Day Two (it wouldn’t fit):
[B]Friday 29 August[/B]
Friday my CTS decided it was game over for me and my note taking abilities went out the window. It was that bad I had to walk out of Gerry Gaffney and Julian Huxham’s presentation halfway through to go rifling through my suitcase in the cloakroom for my wrist brace. It was kind of embarrassing because it probably looked like I was running out to answer my phone! Sorry Gerry and Julian!
Here’s what I went to:
[B]The Jury is In by Gerry Gaffney and Julian Huxham[/B]
It was a case study around the development of Juror, a portal for people attending jury duty in NSW. Project was done with consultants and the Department of Justice
[B]Embedding lean UX into agile in a large enterprise by Larissa Azevedo (from CBA)[/B]
She was amazing! Her presentation was covered in ninjas and she put dot points on her page in the conference booklet:
Embed UX activities into the agile framework
Have agile coaches jump into teams (like ninjas she says) to keep them on track
The UX lead, the Product owner and the Technical lead must communicate with each other
Everyone has to get their hands dirty
Assumptions are exactly that – assumptions…
Commit to continuous learning
[*]Have a start-up mentality
[B]Starting right, with prototypes by Aras Bilgen[/B]
Aras was truly delightful. His slides were amazing– there is a prototype of a car in them that they built at a desk
[B]The dirty business of UX in hospitals by Tim Evans[/B]
Another great set of slides– this project looked at hygiene in hospitals. Are the doctors and nurses responsible for spreading germs? Do they wash their hands enough? If not why?
[B]Syntheate ideation: Tools for infinite UX creativity by Sarah Lloyd[/B]
Sarah is my new friend. We hung out at the preconference drinks and she’s an Industrial Designer just like me!
This talk was fun – it was about understanding how our brains work and using it to our advantage when working. Simple techniques like squeezing a stress ball in your non-dominant hand while working can improve memory and taking a creative pause can also help. A creative pause happens when you stop what you’re doing and go for walk or something and clear your head. It doesn’t have to be long.
[B]Using behaviour design to change the culture around alcohol by Ash Donaldson and Jamie Moore[/B]
These guys were awesome. They created Hello Sunday Morning an online initiative designed to reduce binge drinking and create a world without hangovers. Their slides had a lot of videos on them and I got a lot out of watching them. They also had the largest affinity diagram I have ever seen.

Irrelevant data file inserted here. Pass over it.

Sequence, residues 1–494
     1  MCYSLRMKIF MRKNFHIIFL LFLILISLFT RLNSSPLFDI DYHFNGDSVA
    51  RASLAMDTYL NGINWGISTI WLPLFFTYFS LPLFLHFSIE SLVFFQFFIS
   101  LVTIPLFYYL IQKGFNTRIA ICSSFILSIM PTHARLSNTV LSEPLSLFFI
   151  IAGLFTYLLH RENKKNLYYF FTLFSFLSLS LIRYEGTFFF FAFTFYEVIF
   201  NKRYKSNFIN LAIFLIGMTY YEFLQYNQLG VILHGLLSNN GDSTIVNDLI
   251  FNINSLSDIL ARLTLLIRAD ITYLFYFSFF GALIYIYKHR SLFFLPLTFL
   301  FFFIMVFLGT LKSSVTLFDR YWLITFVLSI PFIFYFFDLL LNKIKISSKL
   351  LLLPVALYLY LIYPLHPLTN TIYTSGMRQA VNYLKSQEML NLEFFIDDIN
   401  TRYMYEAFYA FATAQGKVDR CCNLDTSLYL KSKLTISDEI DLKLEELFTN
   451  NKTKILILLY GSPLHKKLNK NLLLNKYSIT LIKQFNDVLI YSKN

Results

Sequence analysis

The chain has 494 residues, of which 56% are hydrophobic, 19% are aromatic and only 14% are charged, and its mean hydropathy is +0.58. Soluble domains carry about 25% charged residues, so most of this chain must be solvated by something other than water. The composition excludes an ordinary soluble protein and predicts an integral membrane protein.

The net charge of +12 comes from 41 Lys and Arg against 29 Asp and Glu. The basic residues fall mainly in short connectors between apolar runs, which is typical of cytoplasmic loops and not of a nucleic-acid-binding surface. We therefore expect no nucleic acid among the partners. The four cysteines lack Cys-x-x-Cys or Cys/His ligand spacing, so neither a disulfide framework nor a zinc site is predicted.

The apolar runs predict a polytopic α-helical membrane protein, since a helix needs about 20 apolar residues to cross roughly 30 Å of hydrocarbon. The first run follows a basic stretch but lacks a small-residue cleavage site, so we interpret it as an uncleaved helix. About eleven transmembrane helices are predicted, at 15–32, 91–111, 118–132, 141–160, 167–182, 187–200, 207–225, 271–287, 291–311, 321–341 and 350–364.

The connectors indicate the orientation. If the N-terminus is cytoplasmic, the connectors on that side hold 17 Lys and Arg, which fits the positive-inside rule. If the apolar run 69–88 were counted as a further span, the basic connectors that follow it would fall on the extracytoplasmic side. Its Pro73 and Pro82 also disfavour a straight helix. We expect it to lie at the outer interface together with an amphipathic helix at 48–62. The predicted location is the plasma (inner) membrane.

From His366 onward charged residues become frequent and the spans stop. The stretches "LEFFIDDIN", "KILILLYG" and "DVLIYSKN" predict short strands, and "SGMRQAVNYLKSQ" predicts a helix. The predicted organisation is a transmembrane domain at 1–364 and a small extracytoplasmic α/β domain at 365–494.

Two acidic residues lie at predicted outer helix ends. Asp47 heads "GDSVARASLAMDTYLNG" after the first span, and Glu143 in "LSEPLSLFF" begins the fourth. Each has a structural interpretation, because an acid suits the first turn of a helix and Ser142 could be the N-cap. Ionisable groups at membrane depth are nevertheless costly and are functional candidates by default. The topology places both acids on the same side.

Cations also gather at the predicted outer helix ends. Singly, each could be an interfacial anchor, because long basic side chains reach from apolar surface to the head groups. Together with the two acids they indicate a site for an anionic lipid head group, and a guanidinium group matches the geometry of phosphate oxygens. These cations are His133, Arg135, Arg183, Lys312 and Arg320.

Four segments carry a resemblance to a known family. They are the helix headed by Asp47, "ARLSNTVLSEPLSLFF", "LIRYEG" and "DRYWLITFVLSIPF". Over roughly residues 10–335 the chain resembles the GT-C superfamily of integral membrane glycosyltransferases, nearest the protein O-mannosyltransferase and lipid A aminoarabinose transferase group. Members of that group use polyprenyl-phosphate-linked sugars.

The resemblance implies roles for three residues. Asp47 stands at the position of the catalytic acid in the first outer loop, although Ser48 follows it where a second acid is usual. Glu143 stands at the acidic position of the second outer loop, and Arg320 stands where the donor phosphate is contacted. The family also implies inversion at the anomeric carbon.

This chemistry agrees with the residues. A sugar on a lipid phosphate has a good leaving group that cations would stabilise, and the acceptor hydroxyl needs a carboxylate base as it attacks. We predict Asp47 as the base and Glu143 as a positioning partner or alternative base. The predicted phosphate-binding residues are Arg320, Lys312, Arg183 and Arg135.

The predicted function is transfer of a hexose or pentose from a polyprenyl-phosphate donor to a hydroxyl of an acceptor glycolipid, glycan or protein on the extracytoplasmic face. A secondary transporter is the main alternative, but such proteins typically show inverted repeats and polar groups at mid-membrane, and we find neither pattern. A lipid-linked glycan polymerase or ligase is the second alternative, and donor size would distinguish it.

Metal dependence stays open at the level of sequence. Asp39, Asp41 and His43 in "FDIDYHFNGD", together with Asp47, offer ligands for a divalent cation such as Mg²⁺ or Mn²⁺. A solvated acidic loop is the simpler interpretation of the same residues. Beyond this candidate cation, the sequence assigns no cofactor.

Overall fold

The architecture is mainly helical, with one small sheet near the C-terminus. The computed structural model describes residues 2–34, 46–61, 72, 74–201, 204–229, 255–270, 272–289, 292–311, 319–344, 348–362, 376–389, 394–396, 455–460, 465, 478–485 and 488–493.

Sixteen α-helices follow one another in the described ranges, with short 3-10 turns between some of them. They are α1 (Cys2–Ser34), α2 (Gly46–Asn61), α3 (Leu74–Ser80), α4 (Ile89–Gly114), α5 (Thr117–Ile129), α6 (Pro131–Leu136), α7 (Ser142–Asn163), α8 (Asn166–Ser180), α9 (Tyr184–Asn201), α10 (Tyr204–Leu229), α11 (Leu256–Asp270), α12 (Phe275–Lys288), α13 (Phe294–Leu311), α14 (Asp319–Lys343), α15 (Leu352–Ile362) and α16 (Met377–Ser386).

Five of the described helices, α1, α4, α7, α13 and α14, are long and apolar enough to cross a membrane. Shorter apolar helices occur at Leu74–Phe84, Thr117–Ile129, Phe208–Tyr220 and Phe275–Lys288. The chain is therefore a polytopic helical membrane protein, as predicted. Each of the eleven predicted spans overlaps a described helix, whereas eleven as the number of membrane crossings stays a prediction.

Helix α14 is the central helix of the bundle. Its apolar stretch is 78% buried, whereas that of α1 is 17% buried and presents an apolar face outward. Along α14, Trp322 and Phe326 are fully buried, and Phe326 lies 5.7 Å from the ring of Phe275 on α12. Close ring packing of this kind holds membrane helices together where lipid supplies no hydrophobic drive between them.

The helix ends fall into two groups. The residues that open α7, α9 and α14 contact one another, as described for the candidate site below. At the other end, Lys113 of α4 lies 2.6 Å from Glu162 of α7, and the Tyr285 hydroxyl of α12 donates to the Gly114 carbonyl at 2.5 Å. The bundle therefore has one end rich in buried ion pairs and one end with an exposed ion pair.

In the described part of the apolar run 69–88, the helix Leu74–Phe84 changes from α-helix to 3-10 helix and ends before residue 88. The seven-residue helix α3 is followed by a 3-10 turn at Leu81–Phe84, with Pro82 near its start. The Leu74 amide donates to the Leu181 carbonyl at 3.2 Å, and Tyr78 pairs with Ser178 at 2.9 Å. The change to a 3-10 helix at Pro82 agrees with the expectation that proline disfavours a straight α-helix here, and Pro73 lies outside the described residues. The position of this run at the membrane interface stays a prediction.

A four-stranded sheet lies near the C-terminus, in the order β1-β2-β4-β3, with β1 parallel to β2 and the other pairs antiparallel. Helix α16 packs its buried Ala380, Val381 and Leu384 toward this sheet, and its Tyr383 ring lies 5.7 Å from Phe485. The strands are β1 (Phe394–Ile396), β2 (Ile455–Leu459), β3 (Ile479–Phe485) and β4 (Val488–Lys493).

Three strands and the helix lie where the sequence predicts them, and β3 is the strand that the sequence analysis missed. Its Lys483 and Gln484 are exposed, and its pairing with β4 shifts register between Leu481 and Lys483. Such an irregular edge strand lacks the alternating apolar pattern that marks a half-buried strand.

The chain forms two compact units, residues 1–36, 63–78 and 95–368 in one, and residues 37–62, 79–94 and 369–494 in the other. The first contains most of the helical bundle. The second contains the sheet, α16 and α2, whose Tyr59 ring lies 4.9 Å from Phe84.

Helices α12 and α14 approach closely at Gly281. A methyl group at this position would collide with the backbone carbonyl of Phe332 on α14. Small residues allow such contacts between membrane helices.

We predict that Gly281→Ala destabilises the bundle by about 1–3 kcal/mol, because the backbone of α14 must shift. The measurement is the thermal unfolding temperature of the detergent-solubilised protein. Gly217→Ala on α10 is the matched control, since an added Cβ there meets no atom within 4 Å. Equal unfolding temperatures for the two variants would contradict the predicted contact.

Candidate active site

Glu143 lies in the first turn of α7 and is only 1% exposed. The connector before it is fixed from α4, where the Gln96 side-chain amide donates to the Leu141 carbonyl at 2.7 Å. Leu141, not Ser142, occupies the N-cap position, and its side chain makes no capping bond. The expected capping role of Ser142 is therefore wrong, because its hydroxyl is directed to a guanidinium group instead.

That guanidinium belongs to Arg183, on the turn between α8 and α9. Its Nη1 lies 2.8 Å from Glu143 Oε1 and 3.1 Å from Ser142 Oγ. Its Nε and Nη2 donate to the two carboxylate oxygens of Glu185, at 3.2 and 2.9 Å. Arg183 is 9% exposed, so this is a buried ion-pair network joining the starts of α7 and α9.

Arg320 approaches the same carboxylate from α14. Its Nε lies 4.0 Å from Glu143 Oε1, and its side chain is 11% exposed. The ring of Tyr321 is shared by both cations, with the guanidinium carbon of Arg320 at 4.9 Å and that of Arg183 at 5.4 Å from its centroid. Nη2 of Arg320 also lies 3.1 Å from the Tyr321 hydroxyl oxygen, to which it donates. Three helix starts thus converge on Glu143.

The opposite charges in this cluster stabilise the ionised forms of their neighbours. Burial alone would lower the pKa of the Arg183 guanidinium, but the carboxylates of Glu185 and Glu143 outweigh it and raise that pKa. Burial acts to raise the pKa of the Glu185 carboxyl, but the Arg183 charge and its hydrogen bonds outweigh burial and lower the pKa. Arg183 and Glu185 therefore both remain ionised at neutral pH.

[B]10 minute talks[/B]
[B]Ambient intelligence: The new AI by Katja Forbes[/B]
This one was creepy and made me want to turn my GPS off. It was all about how much data I’m leaking when I carry smart devices – the aura of privacy invasion that I project
[B]Wearables: empowering, transforming and inclusive by Sarah Pulis [/B]
I liked it. It was about quadriplegics using google glass – probably the only people who don’t look stupid while using it.
[B]Same, same but very different by Oliver Weidlich[/B]
This guy had four wearable fitness trackers which he wore together for an entire year and shared that experience with us.
[B]Industrial Design and UI Design by Eva Muller[/B]
Eva is one of my other new friends (another girly industrial designer yay) and I liked her presentation. It was about actually applying what we learn in ID (that does not stand for Information Design!) that form follows function.
[B]Once piece at a time by Boon Sheridan[/B]
This is my favourite presentation of the entire conference.
It had a kitten break! Besides that it was also amazing – he spoke so well and it was essentially the ‘how do you eat an elephant?’ concept.
[B]The customer is not the user: designing for the enterprise by Dave Malouf [/B]
Another amazing presentation. It looked at how designing within an organisation and therefore for it is a discipline all on its own.
Attributes and aesthetics of experience by Xin Xiangyang
My biggest takeaways from this one were:
China is producing 2.4 million design grads a year
A small town has 5 million people in it
And a small UX team has 0 – 50 people in it
He was a very funny guy and very entertaining
[*]Best quote “An experience separates itself from the ongoing life experience”
[/LIST] General stuff I noticed:
I met the guys from Optimal Workshop – super excited to be guest blogging for them!
There was a giant jenga game at the Technocrat stand
PWC had a craft table where you could make up a pretty poster and write a hot UX tip on it – they also had a polaroid camera!
Lot’s of people came from overseas for it which I thought was very cool
All of those speakers were absolutely amazing and really lovely to chat to
I think I covered most of it - It was an amazing experience and I highly recommend it.
If you have any questions please ask!